If I have time, I will try to add some images and the explicit inversion calculation.

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If the image on the cone is the curve you describe, then the image of the Villarceau circle is not a circle, contradicting item 5 in the list. – Michael Hardy Oct 11 '12 at 19:13
Brown's article says they are parabolas. – cactus314 Oct 11 '12 at 20:47
You say item 5 can be contradicted for curves, but item 5 actually says straight lines are considered circles [of infinite radius]. – Michael Hardy Oct 11 '12 at 21:25
I've up-voted your answer, but I'm not yet satisfied with it---partly because I haven't yet digested it all, but also: It appears that the torus into which the cone is inverted by the inversion map that you give is in fact immersed rather than embedded in $\mathbb R^3$, i.e. it has self-intersections. And when two circles cross each other, there's no line that's tangent to one of them on one side and to the other on the other side. Hence no plane is bitangent to the torus in the relevant way, so this immersed torus has no Villarceau circles. At this point I'm wondering whether....... – Michael Hardy Oct 11 '12 at 21:29
.....that may be the reason why Brown had $z$ taking imaginary values while $x$ and $y$ were real (if in fact that's what he had in mind). – Michael Hardy Oct 11 '12 at 21:29

Here's a Computer Graphics paper looking for conics on Dupin cyclides, which says Fact #1 is well-known.

The Geometry of Dupin Cyclides has something to say about inverting cones to tori and vice versa. They were discovered by Dupin, who was a student of Gaspard Monge. Apparently, James Clerk Maxwell was interested in them, related to separation of variables of Laplace equation in 3-dimensions.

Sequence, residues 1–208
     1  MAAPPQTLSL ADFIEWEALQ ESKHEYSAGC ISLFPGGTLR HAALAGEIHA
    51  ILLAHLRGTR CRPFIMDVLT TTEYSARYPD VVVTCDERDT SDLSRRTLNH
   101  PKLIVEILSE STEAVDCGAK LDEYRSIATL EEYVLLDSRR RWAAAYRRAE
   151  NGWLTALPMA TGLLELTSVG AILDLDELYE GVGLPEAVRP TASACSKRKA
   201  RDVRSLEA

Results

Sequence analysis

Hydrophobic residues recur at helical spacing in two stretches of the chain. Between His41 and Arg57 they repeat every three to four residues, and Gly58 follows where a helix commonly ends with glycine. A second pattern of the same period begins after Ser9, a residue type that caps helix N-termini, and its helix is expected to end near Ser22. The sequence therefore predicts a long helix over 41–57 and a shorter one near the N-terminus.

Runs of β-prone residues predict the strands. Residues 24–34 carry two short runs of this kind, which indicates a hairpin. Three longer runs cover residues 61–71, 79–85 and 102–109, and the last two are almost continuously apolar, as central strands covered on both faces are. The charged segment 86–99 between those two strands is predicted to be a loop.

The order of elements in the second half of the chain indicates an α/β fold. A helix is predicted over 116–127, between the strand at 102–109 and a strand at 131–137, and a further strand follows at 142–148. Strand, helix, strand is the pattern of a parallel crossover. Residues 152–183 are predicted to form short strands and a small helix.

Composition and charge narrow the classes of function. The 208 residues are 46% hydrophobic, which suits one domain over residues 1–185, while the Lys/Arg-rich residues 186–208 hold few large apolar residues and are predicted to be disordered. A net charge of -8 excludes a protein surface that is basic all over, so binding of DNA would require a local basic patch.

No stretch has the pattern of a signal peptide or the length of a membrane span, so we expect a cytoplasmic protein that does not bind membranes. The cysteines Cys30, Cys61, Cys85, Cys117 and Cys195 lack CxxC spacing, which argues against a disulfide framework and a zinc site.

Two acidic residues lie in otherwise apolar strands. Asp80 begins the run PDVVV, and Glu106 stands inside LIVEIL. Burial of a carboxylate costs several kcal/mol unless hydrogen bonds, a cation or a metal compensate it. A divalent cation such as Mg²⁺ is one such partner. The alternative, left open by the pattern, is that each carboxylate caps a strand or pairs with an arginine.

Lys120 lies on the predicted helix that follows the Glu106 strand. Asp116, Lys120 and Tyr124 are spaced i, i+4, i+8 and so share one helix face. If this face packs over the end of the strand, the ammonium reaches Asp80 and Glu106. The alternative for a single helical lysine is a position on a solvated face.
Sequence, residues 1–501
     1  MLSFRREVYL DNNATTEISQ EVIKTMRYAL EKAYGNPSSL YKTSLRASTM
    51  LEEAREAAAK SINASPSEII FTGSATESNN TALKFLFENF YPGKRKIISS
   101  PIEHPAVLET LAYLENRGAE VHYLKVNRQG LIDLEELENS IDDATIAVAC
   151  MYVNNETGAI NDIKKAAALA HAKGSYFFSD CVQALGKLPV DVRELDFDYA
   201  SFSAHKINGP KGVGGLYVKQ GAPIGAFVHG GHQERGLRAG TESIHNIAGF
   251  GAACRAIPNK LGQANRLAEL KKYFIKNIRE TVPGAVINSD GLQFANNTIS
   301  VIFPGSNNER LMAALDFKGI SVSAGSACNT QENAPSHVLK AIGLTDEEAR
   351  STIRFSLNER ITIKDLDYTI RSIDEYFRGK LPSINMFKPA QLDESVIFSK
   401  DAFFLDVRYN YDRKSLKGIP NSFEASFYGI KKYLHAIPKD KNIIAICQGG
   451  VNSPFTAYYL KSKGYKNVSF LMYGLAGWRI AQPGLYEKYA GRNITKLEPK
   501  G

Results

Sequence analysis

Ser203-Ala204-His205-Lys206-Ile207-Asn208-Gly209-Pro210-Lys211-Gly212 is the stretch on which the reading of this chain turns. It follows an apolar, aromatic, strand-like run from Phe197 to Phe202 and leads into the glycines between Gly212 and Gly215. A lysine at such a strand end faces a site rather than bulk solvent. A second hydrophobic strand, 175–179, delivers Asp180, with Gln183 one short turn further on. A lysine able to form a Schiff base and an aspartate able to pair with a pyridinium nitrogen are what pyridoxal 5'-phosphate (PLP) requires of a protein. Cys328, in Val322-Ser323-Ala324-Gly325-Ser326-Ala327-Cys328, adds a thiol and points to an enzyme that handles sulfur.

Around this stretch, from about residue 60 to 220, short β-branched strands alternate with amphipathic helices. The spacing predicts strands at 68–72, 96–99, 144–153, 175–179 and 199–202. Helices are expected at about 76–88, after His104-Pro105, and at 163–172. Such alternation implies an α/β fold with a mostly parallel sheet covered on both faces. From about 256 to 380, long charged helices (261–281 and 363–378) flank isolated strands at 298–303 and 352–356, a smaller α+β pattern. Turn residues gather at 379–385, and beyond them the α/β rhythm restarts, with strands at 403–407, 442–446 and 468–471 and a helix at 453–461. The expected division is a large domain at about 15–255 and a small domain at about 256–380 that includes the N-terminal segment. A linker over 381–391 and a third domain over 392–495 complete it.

Wikipedia says Dupin cyclides (including the torus itself) are always inverses of cones of revolution. They are also inverses of tori of revolution (as distinct from other surfaces which are topologically tori).

The cone is a degenerate "horn" or "spindle" cyclide. This paper has many pictures of cyclides and talks about Villarceau circles a bit.

Here's a paper on computer aided design, which claims to show all cyclides come from tori.

Consider the analagous problem in 2D, the "cone" $x^2 - z^2 = (x-z)(x+z)=0$ has to be mapped to two disjoint circles $$((x-\sqrt{2})^2+ z^2 - 1)((x+\sqrt{2})^2+ z^2 - 1)= (x^2+z^2+1)^2 - 8x^2= 0$$ Since inversions are conformal maps, they are going to preserve intersections. Perhaps you can invert around a circle of "negative" radius.

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pondering....... I'll digest these maybe tomorrow (Sunday)..... – Michael Hardy Oct 14 '12 at 3:46
I've thrown what I could at it. Learned some interesting geometry in the process. My conclusion is he complexifies the hyperbolic plane an a way that's not well-defined. – cactus314 Oct 14 '12 at 23:08

It's easier to work with a cone, it's a scaled up circle. The circle is $[\sin(x),\cos(y),1]$, scale that up by $\sin(y)$ and you have a cone. $[\sin(x)\sin(y), \cos(x)\sin(y), \sin(y)]$. If you use a function to determine color and relate it to area, you get a very pretty cone, anyway I'll get back to that. Now it seems to me the cones use 2d angles. If you were to take those side lengths and put them inside a semi circle, the diameter would always be 1. A sphere is in 3d. If you took the three side lengths and put them in a circle, it would not fit in a semicircle of diameter $1$. You need to go up on a 90 degree angle into 3d space and you need to use the distance of the other two sides in order to do it. $$\sqrt{(\sin(x)\sin(y))^2+(\cos(x)\sin(y))}=\cos(y)$$

Do the same thing with this function $$[\sin(x)(1+(1/2)\sin(y)), \cos(x)(1+(1/2)\sin(y)), (1/2)\sin(y)]$$ It's a cone with the top chopped off. If you used color as a function of area, you would quickly realize everything is exactly where it should be. So you are using 2d angles, you need to go into 3d space, change the third coordiniate of $(1/2)\sin(y)$ into $(1/2)\cos(y))$.

Anyway, that's an opinion of an uneducated high school level math guy. I know you don't like opinions, but you banned me for asking "what it means" which is a very important question in graphing. So I don't care if you don't want my opinion.